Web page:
Seamus Heaney’s poetic legacy recalled by friends and admirers in Washington

Heaney’s death in August “caught us all off guard”, said Polly Devlin, sister of Heaney’s wife Marie

Writer Polly Devlin: “He carried our aspirations, our longings for a better and more truthful life, and he carried them so lightly and with such grace, and he never let on to you that he was carrying your burden,” she said. Photograph: Heather Edwards.

Writer Polly Devlin: “He carried our aspirations, our longings for a better and more truthful life, and he carried them so lightly and with such grace, and he never let on to you that he was carrying your burden,” she said. Photograph: Heather Edwards.

Tue, Nov 19, 2013, 01:00


The death of poet Seamus Heaney was “as if a void had opened up,” his sister-in-law, the writer Polly Devlin, said at an evening of memories, musings and music in Washington to celebrate his life.

Devlin was among friends and admirers who shared memories of Heaney’s life and work at a tribute hosted by the Irish Ambassador Anne Anderson. The small gathering included Senator Patrick Leahy, third in the presidential line of succession, and the US chief justice John Roberts.

Heaney’s death in August “caught us all off guard”, said Devlin, sister of Heaney’s wife Marie, and made people realise how much they loved him and how much he gave.

“He carried our aspirations, our longings for a better and more truthful life, and he carried them so lightly and with such grace, and he never let on to you that he was carrying your burden,” she said.

Travelling with Seamus was “miraculous,” she said – postmen, not just his postman, would greet him; taxi drivers refused to take his money. “I always tried to get a lift to the airport with him,” she joked.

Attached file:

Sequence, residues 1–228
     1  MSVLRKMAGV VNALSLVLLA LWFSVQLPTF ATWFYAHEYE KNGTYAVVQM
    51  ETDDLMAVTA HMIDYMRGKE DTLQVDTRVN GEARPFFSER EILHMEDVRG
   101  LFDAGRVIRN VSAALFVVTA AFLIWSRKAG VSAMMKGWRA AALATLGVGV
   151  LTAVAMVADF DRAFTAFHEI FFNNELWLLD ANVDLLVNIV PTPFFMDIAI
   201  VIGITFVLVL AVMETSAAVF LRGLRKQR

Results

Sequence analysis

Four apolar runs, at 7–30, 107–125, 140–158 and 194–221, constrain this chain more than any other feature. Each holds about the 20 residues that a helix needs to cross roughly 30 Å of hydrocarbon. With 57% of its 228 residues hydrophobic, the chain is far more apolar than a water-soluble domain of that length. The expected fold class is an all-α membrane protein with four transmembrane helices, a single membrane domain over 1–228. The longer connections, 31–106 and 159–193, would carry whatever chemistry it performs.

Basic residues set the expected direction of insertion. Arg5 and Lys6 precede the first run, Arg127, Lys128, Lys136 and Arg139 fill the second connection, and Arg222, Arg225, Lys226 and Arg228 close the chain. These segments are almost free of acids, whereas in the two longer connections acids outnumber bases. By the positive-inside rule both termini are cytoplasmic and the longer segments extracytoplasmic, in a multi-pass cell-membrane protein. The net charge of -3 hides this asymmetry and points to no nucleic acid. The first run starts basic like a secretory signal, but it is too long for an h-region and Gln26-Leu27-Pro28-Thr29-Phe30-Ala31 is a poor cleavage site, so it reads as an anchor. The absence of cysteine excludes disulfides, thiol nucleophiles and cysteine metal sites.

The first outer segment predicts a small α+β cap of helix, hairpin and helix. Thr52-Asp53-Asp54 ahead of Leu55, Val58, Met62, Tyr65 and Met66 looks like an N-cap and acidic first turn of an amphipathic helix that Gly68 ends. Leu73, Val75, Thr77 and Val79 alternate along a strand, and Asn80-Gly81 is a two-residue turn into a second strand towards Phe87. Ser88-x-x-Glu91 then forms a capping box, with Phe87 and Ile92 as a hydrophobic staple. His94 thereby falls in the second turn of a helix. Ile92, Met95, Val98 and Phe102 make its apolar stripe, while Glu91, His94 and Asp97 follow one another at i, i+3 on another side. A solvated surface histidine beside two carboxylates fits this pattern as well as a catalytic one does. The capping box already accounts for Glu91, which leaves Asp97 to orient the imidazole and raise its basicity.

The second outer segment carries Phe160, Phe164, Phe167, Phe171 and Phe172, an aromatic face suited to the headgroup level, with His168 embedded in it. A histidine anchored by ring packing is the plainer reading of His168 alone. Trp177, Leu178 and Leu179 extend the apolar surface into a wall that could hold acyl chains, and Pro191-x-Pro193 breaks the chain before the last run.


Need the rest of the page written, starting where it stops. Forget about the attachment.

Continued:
Irish-American writer and professor Alice McDermott said that she has “co-taught” with Heaney for many years – so much so that her students have threatened to inscribe above her office her mantra, as a teacher of writing, the poet’s phrase: “So walk on air against your better judgment.”

Poet Paul Muldoon said he, and he suspected many others, had not accepted that Heaney was dead.

“One of the reasons why one will never take it in is that he is so present among us. I don’t think of Seamus Heaney being consigned to any past. He is part of our present and part of our future,” he said.

Anderson said the day after Heaney died, two days after she became ambassador to the US, she found a plaque next to a sorrel tree planted by the poet in the garden of the ambassador’s residence in 2000.

Joe Hassett, an Irish-American lawyer who was at the planting, read at the sorrel tree a sonnet from Heaney’s Clearances in which he pondered his mother’s death in the felling of a chestnut tree.

“There is no sugar-coating or denying the huge loss that we all feel when we think of the loss of Seamus,” said Hassett. “There is a hole there for sure, but we have our tree which I suppose figures his work, which is left eternally as a source.”